Educators today sit on the cusp of the known unknown. Creating a learning experience in the brave new world of COVID-19 requires rapid online development, never experienced before in the higher education (and indeed the wider education) sector.

Creating staff professional development that can respond has become equally rapid. As academic developers and learning designers, we often traverse the third space in the technology/pedagogy continuum, with capability development being second nature to the role – from ad hoc and at elbow to more formal professional development and training. This professional development, with the consequences of COVID-19 looming large, is now central to institutional responses to the crisis, with our roles enabling institutions to achieve this at pace and scale.

Having recently led a whole of institution approach to professional development for online learning, I reflect on lessons learnt so far.

We know professional development sessions can descend into time-constrained learning experiences that border on a transmissionist mode we often decry. Hence my “lessons learnt” relate not only to the content being currently offered but also to the design of future constructivist approaches which embed these four key dimensions.

Empathy and Compassion

Empathy and compassion are central to the work we carry out in education. From the first-time educators’ step into a (virtual) classroom, to the feedback they give and receive from students, they are part of creating learning environments that support and encourage students to learn.

If we consider this in terms of ‘Design Thinking’ – empathy becomes a necessary first step that draws educators, and us all, into the reality of the student, and draws the reality of the student into the classroom.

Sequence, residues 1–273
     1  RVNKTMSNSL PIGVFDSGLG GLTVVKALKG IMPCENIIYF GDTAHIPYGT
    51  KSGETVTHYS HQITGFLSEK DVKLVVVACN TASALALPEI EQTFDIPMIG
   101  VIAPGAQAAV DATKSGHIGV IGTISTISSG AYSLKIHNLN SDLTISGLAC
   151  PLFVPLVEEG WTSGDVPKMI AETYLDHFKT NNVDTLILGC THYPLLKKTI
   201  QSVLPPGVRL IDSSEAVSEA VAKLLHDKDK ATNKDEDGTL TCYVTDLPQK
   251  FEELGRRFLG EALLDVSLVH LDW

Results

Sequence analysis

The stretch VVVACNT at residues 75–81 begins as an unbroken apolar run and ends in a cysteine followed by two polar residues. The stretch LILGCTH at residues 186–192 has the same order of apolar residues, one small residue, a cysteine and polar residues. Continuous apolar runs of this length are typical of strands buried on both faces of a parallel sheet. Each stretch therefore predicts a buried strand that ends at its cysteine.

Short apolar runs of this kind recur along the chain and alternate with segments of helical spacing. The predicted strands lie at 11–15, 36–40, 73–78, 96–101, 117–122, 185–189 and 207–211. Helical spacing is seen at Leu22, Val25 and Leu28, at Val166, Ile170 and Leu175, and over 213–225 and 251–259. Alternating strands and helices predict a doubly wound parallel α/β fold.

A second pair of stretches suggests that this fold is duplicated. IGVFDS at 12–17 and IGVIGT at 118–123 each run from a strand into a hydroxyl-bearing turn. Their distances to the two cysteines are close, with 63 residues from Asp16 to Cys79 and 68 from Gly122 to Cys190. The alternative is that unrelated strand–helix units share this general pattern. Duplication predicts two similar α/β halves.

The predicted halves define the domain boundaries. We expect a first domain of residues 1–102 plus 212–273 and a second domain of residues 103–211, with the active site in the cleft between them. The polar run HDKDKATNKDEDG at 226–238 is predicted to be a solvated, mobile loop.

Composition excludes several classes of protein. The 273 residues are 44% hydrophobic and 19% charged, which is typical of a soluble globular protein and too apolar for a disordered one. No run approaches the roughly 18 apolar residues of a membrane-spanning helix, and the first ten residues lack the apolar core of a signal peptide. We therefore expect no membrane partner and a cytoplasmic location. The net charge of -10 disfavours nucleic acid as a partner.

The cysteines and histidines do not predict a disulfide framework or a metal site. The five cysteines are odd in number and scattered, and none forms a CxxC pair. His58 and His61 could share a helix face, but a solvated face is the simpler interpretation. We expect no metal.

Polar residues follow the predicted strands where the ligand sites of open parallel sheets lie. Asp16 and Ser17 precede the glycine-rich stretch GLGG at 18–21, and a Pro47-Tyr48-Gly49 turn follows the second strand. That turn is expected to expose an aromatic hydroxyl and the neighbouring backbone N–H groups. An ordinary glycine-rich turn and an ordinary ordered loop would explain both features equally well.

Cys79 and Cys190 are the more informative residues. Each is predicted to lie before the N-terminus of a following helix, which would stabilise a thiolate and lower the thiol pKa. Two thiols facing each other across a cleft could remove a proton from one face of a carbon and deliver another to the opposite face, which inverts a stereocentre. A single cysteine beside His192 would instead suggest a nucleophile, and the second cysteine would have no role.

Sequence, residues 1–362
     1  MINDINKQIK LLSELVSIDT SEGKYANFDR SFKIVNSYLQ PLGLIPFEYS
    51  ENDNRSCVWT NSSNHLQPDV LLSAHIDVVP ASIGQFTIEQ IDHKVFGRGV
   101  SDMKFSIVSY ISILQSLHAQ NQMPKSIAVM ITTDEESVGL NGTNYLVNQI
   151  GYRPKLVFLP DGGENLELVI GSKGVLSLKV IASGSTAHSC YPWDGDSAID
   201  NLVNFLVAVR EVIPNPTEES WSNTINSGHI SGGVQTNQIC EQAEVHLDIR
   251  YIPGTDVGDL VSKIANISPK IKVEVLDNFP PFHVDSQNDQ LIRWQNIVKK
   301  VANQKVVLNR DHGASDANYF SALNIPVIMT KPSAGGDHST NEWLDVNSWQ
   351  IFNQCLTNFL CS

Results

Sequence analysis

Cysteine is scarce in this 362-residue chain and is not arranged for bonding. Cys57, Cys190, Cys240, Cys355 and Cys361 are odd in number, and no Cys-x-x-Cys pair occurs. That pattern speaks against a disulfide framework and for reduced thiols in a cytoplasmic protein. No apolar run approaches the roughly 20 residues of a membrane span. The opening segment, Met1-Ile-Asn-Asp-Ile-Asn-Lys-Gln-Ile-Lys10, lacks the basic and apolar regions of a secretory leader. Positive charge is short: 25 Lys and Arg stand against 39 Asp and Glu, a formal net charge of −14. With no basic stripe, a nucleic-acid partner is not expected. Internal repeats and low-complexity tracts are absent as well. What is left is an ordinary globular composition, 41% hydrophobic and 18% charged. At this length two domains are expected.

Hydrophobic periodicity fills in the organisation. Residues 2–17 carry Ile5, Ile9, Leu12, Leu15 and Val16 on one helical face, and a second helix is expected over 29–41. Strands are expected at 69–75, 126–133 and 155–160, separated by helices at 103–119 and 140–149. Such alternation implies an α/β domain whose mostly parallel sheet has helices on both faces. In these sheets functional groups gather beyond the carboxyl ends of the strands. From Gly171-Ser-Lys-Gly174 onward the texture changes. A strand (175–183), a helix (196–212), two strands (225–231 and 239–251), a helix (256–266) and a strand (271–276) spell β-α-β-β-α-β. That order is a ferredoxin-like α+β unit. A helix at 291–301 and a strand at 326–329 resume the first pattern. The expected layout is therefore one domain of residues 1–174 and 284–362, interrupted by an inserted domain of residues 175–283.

A recent resource provides seven steps to prioritising care and compassion in on-line learning for students. Aidre Grants considers kindness to be the most important tool in on-line education. Higher education is “pivoting” towards compassion-based approaches; can we similarly re-design professional development for educators with empathy and compassion?

Modelling compassionate practice is a first step, that has the ability to take us far beyond the crisis. We know that educators today, like the rest of humanity, are experiencing stress and uncertainty. Let’s begin capability development by acknowledging we are all human


Choosing our own flexible learning pathways has long been considered  the best way to learn. Let us create capability development pathways, where time poor educators can choose flexible pathways and multiple entry points, to engage and learn, both synchronously and asynchronously. If educators can choose variety and flexibility, it can have a direct impact on their attitude to their own teaching and ultimately the flexibility and choice offered to students.


There may be no need for me to tell you about the transforming power of narrative in education. It can be the medium for reflection on the personal, professional and practical. Educator stories are one of the most pervasive ways to represent their experiences. Let us harness this and use it to build our capability development programmes. Let us create activities that focus on understanding and reflecting on experience and on self-inquiry – particularly into constructing and reconstructing the rapid shift to online spaces that we all now inhabit. From these sharing of stories and experiences, we can build a stronger and longer lasting foundation for the next stage in our “pivot” to on-line learning.


Incorporating authenticity into teaching can be challenging, because it requires a great deal of courage. Brene Brown asks teachers to be the, “guardians of spaces that allow students to breathe, be curious and to explore the world and be who they are without suffocation”.

Can we ask educators to do the same for themselves? Making ourselves vulnerable sets us up to learn authentically. Voicing uncertainties and questions helps us learn and participate in a community of learners. Creating a space for educators to be authentic and vulnerable, without losing self-imposed credibility, is the fine balance capability development must seek and must push towards. We may find that this becomes one of the best and most uncomfortable ways for us to attain continuous improvement.

Let us begin with empathy and compassion, create flexibility for individuals to engage as needed, share their story, and learn authentically.

Dr Suneeti Rekhari, is senior manager, learning enhancement (Science, Engineering & Health) at RMIT University.

 This essay appeared on the TheEdvisor  blog. Reprinted with Dr Rekhari’s permission


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